Popular Science Monthly
��Modified Audion is New Telephone
Till", newest oscillation generator to he used in radio telephony is a modification of the Audion detector, which Dr. Lee de Forest, its inventor, calls the Oscillion. As applied to a low- l)oweretl transniiiting instrument, this device consists of a tubular bulb con-
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��A modification of the audion detector used for wireless telephone transmission
taining a straight filament surrounded by a helical gritl antl cylindrical plate. The illustration shows a small panel Oscillion Telephone. The front dimen- sions are only about 8J4 by 1 1 ins., yet the assembly includes the Oscillion bulb itself, a telephone transmitter, a poten- tio meter for adjusting the higii poten- tial applied lo the plate circuit, a switch for starting and stojijjing the oscilla- tions, a rheostat for the filament current, a switch (at the upper left-haiul corner) controlling the radiated wa\elength by cutting in more or less of the variable loading coil mounted back of the panel, and binding posts for connection with the antenna and ground.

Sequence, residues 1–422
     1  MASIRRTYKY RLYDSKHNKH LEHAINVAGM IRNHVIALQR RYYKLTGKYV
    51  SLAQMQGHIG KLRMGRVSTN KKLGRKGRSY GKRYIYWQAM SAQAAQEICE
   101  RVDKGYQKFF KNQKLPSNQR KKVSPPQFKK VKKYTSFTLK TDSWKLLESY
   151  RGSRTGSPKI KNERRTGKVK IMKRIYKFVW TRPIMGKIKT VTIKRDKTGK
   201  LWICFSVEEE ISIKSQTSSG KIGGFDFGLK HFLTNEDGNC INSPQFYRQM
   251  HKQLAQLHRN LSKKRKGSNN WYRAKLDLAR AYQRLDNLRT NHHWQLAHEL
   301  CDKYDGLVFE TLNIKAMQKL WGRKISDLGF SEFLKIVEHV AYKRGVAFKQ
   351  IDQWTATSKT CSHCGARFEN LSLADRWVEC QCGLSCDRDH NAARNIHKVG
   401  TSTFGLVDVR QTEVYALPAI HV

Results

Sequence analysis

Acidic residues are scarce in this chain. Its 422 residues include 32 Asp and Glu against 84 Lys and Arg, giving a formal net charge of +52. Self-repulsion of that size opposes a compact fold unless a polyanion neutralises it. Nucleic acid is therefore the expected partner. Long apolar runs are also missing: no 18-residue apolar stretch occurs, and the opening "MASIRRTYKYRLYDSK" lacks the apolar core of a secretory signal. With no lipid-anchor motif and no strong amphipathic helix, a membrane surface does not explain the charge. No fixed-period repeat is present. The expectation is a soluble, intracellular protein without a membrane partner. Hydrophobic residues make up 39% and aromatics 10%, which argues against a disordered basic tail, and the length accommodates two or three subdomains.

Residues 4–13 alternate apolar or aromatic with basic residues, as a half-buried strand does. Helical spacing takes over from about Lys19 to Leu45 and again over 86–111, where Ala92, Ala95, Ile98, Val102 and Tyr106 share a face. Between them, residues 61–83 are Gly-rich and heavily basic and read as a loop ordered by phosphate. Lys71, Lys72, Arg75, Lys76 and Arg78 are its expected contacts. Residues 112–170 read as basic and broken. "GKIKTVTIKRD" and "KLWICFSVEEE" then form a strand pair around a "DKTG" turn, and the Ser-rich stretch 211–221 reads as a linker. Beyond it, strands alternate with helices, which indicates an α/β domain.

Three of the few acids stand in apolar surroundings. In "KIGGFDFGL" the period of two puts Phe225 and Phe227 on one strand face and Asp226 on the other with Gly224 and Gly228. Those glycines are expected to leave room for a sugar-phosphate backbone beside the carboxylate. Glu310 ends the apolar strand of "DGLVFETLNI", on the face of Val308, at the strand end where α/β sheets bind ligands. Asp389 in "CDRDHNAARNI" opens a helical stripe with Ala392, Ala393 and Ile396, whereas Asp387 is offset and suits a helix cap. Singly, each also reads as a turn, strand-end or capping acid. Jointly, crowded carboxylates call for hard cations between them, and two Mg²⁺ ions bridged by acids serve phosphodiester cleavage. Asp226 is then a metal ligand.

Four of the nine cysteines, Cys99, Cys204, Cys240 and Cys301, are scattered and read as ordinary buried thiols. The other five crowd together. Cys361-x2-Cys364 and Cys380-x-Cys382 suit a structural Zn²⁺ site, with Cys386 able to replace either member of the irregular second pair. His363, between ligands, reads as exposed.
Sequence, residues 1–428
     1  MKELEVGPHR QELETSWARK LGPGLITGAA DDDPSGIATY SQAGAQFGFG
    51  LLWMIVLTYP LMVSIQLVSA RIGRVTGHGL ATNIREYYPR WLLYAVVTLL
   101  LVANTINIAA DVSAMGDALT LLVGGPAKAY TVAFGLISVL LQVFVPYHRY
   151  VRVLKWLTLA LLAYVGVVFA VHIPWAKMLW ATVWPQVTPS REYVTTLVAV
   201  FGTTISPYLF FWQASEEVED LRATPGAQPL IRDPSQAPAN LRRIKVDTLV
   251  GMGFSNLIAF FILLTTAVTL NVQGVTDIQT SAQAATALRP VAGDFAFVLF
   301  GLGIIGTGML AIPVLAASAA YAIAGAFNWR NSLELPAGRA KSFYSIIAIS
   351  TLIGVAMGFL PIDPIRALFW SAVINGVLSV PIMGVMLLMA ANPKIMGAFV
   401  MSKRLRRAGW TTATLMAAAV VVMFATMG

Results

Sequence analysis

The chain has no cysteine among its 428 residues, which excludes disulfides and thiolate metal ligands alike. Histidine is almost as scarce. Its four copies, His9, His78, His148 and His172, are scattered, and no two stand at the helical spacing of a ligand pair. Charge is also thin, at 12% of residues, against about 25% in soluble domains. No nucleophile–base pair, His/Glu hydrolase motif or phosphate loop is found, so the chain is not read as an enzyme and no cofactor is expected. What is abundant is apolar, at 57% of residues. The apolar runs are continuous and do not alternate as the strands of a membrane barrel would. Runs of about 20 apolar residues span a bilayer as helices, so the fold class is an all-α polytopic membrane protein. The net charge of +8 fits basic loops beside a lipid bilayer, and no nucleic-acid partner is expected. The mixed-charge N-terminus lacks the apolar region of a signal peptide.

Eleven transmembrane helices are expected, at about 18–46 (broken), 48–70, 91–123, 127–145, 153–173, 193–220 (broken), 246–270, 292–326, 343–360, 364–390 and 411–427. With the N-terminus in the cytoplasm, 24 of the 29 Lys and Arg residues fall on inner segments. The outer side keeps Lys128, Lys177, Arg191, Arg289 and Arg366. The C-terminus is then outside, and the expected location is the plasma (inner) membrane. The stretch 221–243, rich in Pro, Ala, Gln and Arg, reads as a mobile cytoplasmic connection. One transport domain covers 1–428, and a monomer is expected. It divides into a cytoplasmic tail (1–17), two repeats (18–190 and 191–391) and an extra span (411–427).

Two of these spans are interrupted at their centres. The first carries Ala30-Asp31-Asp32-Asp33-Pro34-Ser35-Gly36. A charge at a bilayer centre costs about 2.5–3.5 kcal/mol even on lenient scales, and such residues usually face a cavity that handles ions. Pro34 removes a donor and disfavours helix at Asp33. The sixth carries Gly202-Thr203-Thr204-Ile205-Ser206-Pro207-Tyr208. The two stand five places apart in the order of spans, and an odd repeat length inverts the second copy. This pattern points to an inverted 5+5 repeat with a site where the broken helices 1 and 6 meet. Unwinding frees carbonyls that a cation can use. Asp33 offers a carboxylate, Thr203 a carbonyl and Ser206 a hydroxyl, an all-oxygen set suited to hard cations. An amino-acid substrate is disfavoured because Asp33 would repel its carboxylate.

��Reducing Arcing at Key Contacts
USINO a sending key on the iio-volt circuit gave much trouble because of arcing at the contacts. This difficulty was remedied by placing two horseshoe magnets on opposite sides of the con- tacts. It was found that the magnets should be close to the contacts but should not touch them. The magnets were fastened on blocks of wood, with brass strips, as shown in the cut below. By their use, the arcing was decreased considerably. Stronger magnets or powerful electromagnets would be still better. — B. ScHUMM.
��The use of two horseshoe or elec- tromagnets will prevent the oc- currence of arcs at the contacts
A Good Loose- Coupler Switch
THE diagram shows a loose-coupler switch which will positively stay tight. In the illustration, /I I and ^6 are nuts of which A i may be used to elevate the knob. Note that A 4 holds A 3 in check. The nut A 5 may be omitted. The knob B is an ordinary wooden disk used in the game of checkers. The bolt C is of brass or nickel, and D I and D 2 are copper or brass washers. The wash- ers arc stationary but the nuts ino\e with the knob. The strip of thin copjier or brass E has its edges be\eled at the contact buttons. The contact bolt is marked /^ and the contact wires A' i and A' 2. This arrangement is not only cheap but easily constructed. When the \a- rious parts of this switch are connected it will remain tight under all working conditions, necessitating no additional care. — K. C. H.amilton.
���A tight loose-coupler switch